Sports medicine specialist Austin Krohn, MD, presented a shoulder x-ray to a room filled with elementary school children to seasoned medical residents. A few moments later, an eighth grader leaned forward and was able to identify a shoulder separation from a mere discoloration on the film.

This type of instance is what Family Medicine Physician Renee Crichlow, MD, dreamed of six years ago when she created the Ladder, a non-profit program that addresses the shortage of healthcare providers in North Minneapolis by mentoring and training disadvantaged minority children and inspiring them to become doctors and nurses.

Crichlow’s goal for the Ladder was to create a supportive yet challenging culture for their residents since becoming a physician requires a high-level of resilience. Per its name, the Ladder provides support each step of the way throughout the program. Everyone is both a mentor to someone at a lower rung and has a mentor of their own, just one level above. This fosters a supportive environment and helps to ensure that everyone feels valued and respected.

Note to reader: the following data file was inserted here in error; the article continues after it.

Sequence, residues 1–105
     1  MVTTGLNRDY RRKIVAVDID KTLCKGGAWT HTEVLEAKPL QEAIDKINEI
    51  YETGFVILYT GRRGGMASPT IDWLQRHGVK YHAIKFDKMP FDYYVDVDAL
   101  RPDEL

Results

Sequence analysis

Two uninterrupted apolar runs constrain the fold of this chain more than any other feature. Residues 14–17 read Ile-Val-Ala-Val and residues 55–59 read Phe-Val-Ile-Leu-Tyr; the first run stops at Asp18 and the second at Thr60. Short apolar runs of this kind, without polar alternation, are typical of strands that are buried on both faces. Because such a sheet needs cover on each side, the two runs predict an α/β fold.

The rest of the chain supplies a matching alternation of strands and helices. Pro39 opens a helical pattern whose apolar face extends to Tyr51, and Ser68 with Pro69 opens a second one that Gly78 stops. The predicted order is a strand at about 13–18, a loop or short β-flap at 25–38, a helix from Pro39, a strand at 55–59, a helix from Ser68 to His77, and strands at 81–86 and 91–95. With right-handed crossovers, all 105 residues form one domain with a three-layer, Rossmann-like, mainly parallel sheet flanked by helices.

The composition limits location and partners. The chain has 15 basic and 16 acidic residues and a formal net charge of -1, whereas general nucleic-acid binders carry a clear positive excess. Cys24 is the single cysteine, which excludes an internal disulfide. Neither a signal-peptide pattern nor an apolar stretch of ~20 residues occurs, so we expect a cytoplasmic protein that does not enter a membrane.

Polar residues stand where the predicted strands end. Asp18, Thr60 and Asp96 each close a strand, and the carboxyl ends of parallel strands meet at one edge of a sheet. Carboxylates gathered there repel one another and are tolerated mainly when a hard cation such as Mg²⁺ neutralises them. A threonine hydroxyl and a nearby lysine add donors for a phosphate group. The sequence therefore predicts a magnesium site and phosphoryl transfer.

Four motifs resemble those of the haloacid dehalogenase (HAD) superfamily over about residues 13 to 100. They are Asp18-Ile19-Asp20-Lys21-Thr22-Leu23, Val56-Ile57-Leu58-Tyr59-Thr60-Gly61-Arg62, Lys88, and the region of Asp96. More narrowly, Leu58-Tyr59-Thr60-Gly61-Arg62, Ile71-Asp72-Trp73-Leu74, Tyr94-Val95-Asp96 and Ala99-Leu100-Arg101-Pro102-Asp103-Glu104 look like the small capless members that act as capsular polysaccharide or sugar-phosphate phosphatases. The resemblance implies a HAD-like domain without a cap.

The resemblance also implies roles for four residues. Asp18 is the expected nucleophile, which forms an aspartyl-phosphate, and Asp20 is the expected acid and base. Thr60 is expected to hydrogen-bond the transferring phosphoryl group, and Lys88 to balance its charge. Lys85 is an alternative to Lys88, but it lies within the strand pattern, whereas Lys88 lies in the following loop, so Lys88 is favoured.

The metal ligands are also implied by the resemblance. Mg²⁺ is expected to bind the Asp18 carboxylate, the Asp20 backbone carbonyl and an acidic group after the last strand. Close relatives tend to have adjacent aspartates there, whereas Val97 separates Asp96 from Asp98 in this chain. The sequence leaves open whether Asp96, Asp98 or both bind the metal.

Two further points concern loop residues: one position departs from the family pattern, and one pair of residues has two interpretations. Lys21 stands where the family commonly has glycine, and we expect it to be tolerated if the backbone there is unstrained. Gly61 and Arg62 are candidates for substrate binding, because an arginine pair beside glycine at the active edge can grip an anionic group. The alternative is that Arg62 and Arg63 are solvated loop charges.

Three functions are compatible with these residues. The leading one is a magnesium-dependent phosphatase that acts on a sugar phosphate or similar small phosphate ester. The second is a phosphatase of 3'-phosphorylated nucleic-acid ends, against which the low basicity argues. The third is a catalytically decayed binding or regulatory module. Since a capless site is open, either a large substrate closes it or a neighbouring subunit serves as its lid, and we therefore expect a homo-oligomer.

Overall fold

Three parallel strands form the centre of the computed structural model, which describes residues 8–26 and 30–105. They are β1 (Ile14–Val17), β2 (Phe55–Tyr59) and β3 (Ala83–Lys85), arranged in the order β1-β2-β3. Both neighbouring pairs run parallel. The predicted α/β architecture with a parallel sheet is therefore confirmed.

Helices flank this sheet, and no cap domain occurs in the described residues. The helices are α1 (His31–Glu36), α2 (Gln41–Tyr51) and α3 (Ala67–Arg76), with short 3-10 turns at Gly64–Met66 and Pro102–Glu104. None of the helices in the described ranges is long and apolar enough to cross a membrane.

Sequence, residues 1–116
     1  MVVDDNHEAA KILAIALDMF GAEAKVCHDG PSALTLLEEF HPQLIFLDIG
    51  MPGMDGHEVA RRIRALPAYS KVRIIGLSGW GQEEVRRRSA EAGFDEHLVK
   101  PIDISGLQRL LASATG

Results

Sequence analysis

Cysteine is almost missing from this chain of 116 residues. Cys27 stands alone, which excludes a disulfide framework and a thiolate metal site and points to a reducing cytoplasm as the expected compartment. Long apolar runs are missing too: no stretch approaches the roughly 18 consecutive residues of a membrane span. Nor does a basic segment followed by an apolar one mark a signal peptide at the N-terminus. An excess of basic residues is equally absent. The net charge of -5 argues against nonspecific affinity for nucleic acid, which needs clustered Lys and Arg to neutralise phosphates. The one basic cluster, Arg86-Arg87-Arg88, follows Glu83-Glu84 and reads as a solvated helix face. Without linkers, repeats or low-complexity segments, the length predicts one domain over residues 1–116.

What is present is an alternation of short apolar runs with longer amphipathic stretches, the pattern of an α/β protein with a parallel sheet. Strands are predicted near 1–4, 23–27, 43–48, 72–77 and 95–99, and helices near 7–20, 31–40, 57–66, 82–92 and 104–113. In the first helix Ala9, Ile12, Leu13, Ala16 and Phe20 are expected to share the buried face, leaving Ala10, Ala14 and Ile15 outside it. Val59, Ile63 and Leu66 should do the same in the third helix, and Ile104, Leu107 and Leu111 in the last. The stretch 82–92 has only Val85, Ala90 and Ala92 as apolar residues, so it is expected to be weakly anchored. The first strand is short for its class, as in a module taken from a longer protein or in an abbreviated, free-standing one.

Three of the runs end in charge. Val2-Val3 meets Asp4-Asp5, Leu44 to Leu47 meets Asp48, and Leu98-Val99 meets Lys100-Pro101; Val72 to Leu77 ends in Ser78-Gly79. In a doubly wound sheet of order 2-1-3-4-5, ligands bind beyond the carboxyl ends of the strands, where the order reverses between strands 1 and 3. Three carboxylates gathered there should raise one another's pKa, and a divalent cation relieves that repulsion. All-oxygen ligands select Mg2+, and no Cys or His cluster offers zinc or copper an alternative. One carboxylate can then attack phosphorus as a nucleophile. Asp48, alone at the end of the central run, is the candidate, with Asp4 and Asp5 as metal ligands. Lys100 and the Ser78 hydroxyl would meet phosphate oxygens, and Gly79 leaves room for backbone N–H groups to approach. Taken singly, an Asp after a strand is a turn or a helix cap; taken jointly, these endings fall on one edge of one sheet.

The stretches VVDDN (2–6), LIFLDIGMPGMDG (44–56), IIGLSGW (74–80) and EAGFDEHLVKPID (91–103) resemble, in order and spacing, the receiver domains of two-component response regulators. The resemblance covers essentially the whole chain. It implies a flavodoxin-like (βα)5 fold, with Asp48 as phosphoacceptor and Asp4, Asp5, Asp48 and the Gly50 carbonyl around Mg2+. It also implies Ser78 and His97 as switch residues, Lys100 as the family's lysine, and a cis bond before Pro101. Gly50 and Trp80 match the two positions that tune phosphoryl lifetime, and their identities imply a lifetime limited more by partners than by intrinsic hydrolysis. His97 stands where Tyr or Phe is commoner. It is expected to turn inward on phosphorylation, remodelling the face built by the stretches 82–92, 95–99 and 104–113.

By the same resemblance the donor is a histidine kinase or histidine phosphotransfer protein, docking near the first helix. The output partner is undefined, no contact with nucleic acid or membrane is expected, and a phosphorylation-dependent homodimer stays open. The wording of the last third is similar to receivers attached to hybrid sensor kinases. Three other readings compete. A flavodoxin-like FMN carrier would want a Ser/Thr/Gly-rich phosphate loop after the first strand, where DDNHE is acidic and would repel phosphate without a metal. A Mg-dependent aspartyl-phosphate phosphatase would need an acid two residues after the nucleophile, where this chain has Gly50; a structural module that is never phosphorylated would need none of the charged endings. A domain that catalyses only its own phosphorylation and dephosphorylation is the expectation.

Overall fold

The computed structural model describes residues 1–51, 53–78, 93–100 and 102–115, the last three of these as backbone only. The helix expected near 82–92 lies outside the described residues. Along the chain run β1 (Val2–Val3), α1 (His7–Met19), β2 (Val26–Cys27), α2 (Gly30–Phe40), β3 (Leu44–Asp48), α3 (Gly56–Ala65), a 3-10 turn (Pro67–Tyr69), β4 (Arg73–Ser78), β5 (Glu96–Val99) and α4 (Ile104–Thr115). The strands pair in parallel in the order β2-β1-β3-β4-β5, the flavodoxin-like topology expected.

The lack of healthcare professionals in North and Northeast Minneapolis has been a problem for years. Although locals are best suited to fill those roles, the lack of support and financial resources make it challenging to get Minneapolis youth interested in training. For this reason the Ladder aims to start with children as early as the age of nine, when they are still excited to learn. 

The Ladder’s graduates have seen success; Christopher Allen had been with the program from the start. This spring he graduated high school and now plans to pursue gastroenterology.  Halima Abdi and her family moved to the U.S. in 2003, and with the help of the Ladder, she is finally able to pursue her dream career in nursing. Both agree the Ladder was responsible for kickstarting their interest in medicine, and they feel confident leaving the Ladder with “so much more knowledge than when [they] went in.”